Detection of single point mutation based on the hybridization of oligonucleotides was performed using unmodified gold nanoparticles. The sequences of oligonucleotides were designed to detect the metastatic efficiency modifier signal-induced proliferation-associated gene 1 (Sipal). The detection step was monitored using UV-vis absorption spectroscopy, quasielastic light scattering, and zeta potential measurement. We observed that addition of DNAs into the suspension of unmodified gold nanoparticles could substantially aggregate the gold nanoparticles and change the color of solution. By changing the salt concentration in the presence of a phosphate buffer solution, we were able to selectively aggregate gold nanoparticles for the perfectly matched DNA, which enabled a detection of perfectly matched DNA from the single point-mutated one. Our results indicate that a change in the electrostatic interaction is responsible for the selective aggregation of gold nanoparticles upon the addition of DNA. This suggests a novel design principle for a rapid detection of the DNA sequence by controlling the electrostatic interactions between gold nanoparticles.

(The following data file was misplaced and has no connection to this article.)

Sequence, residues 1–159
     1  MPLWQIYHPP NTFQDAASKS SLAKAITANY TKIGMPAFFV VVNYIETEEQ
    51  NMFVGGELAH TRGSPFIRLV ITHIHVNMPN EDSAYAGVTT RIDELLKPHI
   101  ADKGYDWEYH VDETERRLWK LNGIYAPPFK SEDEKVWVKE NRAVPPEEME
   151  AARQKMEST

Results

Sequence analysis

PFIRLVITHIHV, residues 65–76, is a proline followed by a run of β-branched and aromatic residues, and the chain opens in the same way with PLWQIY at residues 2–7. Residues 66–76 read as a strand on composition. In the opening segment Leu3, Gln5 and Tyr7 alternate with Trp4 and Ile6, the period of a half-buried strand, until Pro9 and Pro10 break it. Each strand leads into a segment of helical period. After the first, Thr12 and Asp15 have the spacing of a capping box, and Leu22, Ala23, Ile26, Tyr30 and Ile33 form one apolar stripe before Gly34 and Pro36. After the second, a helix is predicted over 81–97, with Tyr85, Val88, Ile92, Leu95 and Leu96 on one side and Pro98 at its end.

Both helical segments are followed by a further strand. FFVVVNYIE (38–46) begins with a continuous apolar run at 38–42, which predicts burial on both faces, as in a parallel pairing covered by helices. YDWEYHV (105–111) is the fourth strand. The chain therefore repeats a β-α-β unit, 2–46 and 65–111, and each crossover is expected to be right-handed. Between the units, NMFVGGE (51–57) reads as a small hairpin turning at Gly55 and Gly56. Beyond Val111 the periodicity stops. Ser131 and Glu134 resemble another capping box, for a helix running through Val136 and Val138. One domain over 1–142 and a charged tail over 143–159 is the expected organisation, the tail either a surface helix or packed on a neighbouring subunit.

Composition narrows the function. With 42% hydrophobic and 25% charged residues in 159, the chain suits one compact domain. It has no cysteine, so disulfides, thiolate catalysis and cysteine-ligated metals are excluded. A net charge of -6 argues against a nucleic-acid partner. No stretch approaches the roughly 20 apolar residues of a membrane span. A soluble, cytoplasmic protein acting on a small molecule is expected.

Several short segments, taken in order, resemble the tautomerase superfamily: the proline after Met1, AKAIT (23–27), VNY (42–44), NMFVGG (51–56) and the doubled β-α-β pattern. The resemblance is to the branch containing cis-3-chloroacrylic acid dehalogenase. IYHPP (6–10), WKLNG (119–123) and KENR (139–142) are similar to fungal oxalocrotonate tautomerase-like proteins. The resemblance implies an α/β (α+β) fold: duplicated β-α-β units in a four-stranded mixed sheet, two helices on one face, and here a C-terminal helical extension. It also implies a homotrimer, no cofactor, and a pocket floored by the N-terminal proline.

All Science Journal Classification (ASJC) codes
- Electronic, Optical and Magnetic Materials
- Physical and Theoretical Chemistry
- Surfaces, Coatings and Films